Dario Saric was always tall for his age, but he had a different game than his father. He idolized Magic Johnson. He wanted to throw artful passes and run the break, and he did it so well that everyone noticed – Croatia, the rest of Europe, the basketball-loving world. He was heavily scouted. Super agent Bill Duffy reached across all those time zones to make contact. Before long, a Spanish team, TAU Cerámica, offered Saric $3 million euros to play for them. The franchise wanted to sign him for 11 years.

Saric eventually landed with KK Zagreb, then transitioned to Cibona Zagreb. He recently led Cibona to the Adriatic League Championship and was named MVP. It worked out nicely, even though his father was initially disappointed with the decision. That would become something of a pattern.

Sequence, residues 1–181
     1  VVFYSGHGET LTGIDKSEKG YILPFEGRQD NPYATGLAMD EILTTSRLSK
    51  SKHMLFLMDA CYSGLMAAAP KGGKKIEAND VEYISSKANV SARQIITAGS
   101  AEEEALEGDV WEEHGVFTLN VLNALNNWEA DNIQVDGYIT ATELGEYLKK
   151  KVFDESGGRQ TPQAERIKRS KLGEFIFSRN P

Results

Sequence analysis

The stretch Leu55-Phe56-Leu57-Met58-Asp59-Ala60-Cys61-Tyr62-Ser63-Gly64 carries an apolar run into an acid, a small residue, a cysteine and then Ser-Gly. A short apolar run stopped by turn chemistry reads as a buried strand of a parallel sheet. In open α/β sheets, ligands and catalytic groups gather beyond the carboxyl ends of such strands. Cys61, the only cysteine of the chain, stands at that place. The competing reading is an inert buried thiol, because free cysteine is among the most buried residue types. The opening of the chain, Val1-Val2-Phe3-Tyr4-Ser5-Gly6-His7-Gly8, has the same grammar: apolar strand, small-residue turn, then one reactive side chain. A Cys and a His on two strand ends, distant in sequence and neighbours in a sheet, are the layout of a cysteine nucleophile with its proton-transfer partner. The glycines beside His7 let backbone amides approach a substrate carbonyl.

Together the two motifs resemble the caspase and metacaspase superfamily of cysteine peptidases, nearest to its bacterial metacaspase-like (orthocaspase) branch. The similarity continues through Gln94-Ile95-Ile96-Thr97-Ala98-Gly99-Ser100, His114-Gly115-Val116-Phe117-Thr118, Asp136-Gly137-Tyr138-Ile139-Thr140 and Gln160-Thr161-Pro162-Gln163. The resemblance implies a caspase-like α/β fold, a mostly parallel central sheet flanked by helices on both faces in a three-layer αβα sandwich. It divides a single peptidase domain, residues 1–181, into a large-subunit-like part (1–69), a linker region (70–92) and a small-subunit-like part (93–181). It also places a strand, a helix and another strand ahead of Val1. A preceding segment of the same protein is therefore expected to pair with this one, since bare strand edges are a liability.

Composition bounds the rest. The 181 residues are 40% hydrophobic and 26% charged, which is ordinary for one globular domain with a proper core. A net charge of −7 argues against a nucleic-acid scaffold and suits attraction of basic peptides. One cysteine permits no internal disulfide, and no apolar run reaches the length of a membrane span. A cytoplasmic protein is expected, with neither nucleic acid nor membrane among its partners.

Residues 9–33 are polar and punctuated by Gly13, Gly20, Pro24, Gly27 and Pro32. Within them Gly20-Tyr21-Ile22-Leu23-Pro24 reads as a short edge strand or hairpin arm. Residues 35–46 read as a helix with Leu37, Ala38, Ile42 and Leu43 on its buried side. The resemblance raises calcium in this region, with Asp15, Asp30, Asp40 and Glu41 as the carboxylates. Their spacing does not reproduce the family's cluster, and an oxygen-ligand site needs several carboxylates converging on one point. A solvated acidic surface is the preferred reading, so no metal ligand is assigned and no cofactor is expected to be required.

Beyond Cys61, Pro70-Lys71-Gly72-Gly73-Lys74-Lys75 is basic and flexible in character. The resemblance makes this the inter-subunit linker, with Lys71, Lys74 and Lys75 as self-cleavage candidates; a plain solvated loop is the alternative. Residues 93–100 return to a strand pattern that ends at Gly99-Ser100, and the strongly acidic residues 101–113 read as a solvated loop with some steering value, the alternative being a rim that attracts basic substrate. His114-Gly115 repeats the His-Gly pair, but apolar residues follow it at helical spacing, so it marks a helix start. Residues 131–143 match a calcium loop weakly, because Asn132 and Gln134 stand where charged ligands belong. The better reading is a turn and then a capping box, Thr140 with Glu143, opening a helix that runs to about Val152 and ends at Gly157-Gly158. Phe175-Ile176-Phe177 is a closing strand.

Everyone was always comparing Saric to someone growing up – to countrymen Toni Kukoc and Petrovic especially. Predrag Saric once gushed to a reporter about Petrovic’s work ethic, how he would practice each day from 3 o’clock in the afternoon until 11 at night.

“Even the janitors often played ball with him,” Predrag said. "Drazen was a worker like you've never seen.”

And what about young Dario?

“Dario practices 3 to 4 hours a day,” his father continued. “I'm always telling him to get up earlier and practice, but he doesn't always feel like it.”